Senior Online Investment Manager, Lee Naimo, stresses the importance of assessing which mediums are suitable and how this speaks through your application. “If you’re applying for online production funding, how is this an online project? How does that differ from something that might be a TV series or a feature film or something suited to another medium?
“And even drilling down to that, how is this suitable to the release platform you’re proposing? Is this something that would work on YouTube? Is it something that would be better suited to a Facebook or Instagram or some other platform release,” he says.
CONSIDER YOUR BUDGET LEVEL
After you’ve considered the audience you’re targeting and how many people you’ll be able to reach, the next step is to assess the budget and whether these two complement each other.
If you’re making a 1 million dollar project and your audience is only going to be 1,000 people, then you have to reevaluate your expenses and how you bring this project to life.
“One simple tip is to make sure your budget and your finance plan, the figures at the bottom of both of those documents match up 100 percent because you’d be amazed at how often they don’t match,” says Lee. It’s these little mistakes that can really slow down your application process.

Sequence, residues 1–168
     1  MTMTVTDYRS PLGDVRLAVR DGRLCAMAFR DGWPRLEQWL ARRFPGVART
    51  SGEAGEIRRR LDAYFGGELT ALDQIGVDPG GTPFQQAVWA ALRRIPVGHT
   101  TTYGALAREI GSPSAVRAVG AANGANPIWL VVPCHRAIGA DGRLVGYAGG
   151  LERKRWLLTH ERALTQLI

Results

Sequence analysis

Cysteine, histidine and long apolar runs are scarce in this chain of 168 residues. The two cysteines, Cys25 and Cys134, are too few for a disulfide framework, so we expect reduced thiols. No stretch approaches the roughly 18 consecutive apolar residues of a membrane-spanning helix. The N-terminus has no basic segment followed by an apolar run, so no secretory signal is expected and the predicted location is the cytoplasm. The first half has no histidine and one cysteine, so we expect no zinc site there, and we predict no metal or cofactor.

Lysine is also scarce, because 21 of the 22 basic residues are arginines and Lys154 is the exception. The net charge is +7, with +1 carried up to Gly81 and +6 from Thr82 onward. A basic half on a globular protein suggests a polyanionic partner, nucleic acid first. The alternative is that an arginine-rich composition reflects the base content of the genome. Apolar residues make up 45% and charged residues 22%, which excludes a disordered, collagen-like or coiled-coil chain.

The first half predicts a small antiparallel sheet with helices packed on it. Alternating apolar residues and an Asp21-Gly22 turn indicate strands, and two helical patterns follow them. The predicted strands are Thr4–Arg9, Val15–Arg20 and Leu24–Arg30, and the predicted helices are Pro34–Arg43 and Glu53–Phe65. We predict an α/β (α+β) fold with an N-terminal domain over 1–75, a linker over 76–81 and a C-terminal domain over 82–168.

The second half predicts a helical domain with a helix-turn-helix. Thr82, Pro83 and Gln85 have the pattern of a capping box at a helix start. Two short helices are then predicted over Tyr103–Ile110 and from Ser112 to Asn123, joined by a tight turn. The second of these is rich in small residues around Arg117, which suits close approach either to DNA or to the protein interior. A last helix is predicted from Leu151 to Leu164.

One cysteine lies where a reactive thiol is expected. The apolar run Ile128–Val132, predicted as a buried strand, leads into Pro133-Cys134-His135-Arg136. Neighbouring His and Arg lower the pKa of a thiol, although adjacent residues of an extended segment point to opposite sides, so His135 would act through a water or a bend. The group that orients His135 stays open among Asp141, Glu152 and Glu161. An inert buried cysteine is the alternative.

It will also help if you can show there is someone in your team that can navigate the financial aspects of the project to keep development within budget.
NAIL YOUR PITCH
Last but not least, brush up on your pitching skills. Not only for the ‘pitch to camera’ video needed when applying for development funding, but also for real life meetings.
A good start is getting across your enthusiasm for the project, no matter how many times you’ve pitched it that day. If you don’t sound excited by your pitch, why should anyone else be?
“Once you get out there, you have to pitch to [people like] commissioners or financiers or distributors. And unlike our four-minute video pitch that we use in development, if you stuff it up in real life, you can’t go back and say, can we just start all over again, please?” says Sally.
And how can you get over these nerves? It could be as simple as practicing in the mirror or discussing the project with friends, family or people in the industry. Observe their reactions to determine which parts of your pitch are high points, and which parts lose their interest.
You may only have one shot, so over prepare and make it count. For more information, listen to Screen Australia’s podcast here.